Following a successful meeting in July in Andijan, Uzbek and Kyrgyz officials are gathering in Cholpon-Ata this week to continue discussions over the final demarcation of their border.
Kyrgyzstan’s longest border is with Uzbekistan, running 1,314 kilometers around the edges of the famed Fergana Valley. The border features a handful of enclaves, most of them pockets of Uzbek territory surrounded by Kyrgyzstan’s Batken region. Although the Kyrgyz-Uzbek border has been less volatile in recent years than Kyrgyzstan’s border with Tajikistan, it has not been without disputes or incidents in the 30 years since the Soviet Union’s collapse made it an international boundary. For example, in 2015 a Kyrgyz citizen was killed by Uzbek border guards while allegedly trying to smuggle potatoes and apricots out of Sokh district, an Uzbek enclave surrounded by Kyrgyz territory whose population is mostly ethnic Tajik.
As of an agreement in 2017, around 85 percent of the Kyrgyz-Uzbek border was formally described and agreed to. But the remaining border remained undetermined, particularly when it came to the status of the Orto-Tokoi (Kasan-Sai) reservoir and Ungar-Too, a mountain that has served as a flashpoint as recently as 2016.
Deescalating tensions over Ungar-Too was, in fact, one of Shavkat Mirziyoyev’s first actions as acting president in September 2016 after the death of Islam Karimov. He ordered the release of four Kyrgyz workers who had been detained by Uzbek troops and then the withdrawal of Uzbek forces.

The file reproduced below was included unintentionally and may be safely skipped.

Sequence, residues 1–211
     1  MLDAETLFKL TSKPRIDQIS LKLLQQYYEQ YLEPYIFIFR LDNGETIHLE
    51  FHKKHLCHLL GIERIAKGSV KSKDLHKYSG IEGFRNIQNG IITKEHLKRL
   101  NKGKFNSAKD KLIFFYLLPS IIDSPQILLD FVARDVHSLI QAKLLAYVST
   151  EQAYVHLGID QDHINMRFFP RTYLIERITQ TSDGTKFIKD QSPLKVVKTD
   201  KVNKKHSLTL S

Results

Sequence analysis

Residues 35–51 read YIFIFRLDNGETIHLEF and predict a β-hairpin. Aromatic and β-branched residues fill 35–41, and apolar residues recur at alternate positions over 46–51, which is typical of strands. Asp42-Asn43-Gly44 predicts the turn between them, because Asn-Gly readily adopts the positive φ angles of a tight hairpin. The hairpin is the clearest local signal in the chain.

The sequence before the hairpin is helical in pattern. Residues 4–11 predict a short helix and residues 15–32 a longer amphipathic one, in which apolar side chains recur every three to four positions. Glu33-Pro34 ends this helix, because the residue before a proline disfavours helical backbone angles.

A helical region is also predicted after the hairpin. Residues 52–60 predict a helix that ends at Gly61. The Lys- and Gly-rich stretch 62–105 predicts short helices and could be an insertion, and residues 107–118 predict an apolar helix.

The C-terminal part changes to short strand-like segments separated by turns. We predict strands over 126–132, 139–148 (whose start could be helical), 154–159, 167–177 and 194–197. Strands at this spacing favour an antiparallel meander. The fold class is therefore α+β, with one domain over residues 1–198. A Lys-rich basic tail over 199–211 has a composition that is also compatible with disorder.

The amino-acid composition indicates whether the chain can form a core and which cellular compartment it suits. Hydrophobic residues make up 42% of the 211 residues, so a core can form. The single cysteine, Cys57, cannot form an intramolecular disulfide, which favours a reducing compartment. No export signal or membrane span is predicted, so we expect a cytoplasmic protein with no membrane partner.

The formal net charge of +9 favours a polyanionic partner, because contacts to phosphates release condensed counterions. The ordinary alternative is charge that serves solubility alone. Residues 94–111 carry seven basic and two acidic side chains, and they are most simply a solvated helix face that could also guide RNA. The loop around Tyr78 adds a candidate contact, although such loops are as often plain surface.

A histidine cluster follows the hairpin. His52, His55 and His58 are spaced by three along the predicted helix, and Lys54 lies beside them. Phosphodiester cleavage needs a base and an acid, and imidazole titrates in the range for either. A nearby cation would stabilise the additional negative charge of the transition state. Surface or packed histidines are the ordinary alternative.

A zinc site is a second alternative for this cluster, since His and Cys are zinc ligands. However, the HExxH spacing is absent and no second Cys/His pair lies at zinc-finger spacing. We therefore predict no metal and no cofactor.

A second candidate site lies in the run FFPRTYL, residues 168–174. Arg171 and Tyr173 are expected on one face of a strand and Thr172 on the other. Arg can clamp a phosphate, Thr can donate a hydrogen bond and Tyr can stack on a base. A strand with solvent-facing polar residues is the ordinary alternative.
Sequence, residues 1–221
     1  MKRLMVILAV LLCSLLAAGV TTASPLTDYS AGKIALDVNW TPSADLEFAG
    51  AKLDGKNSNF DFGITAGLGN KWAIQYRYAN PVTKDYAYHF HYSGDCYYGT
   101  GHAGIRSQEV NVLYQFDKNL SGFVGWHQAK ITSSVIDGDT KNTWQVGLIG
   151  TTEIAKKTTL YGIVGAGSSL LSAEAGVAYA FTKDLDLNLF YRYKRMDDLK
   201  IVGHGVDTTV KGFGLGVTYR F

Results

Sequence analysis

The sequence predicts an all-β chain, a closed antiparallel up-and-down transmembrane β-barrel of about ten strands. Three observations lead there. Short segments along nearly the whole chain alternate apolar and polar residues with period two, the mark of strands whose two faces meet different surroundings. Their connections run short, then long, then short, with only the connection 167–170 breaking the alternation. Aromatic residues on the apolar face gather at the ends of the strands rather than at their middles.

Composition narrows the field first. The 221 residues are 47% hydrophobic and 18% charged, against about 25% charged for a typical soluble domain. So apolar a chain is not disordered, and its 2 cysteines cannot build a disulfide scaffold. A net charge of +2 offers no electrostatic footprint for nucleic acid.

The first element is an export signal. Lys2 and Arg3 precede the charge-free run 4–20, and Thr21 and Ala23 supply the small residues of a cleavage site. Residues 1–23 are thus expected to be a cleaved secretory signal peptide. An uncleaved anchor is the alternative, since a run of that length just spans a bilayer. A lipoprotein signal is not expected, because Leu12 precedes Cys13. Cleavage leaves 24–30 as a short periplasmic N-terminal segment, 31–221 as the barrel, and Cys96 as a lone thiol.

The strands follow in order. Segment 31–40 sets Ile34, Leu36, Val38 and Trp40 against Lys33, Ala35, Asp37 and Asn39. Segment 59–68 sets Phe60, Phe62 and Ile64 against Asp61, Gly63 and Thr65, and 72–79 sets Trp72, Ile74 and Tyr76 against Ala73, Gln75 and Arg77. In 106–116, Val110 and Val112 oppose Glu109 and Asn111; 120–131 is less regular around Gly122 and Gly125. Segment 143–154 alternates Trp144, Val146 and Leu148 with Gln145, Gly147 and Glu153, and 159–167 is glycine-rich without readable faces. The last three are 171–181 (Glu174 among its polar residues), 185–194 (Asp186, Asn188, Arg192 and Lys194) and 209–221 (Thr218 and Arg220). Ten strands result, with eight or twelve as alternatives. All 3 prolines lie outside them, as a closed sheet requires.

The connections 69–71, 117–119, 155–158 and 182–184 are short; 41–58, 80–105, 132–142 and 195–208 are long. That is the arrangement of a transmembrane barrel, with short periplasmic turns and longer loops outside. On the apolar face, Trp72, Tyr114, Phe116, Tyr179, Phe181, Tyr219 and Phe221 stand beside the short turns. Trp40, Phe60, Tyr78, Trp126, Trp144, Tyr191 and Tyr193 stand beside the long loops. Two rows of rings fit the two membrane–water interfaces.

Since 2016, Kyrgyzstan and Uzbekistan have continued to engage on border issues. In March 2021, Chairman of Kyrgyzstan’s State Committee for National Security (SCNS or GKNB) Kamchybek Tashiev somewhat prematurely celebrated the complete settling of the border issues. He said after a trip to Tashkent that “[i]ssues around the Kyrgyz-Uzbek border have been resolved 100 percent. We have tackled this difficult task. There is not a single patch of disputed territory left.” He mentioned a number of land swaps that would settle the deal, triggering some frustration and small protests in Osh.
The dramatics aside, Bishkek and Tashkent have continued plodding along toward a final resolution of the border. In May 2022, according to RFE/RL’s Kyrgyz Service, the two sides began to move toward demarcating the border — that is they began discussions on organization and legal issues, moving toward physically marking the border rather than just drawing lines on a map during a meeting.
In July, the two sides met in Andijan and “prepared draft legal and technical documents regulating the process of demarcation.” They signed a protocol and agreed to meet in Kyrgyzstan in August.
As reported by RFE/RL’s Kyrgyz Service, Nazirbek Borubaev, a special representative of the Cabinet of Ministers of the Kyrgyz Republic, said that the two sides “plan to complete the issues on the border with Uzbekistan this year.”
Kyrgyzstan’s most difficult border remains the border with Tajikistan, where last year there was a significant outbreak of violence. Nearly 40 percent of the more than 970 kilometer Kyrgyz-Tajik border is undemarcated.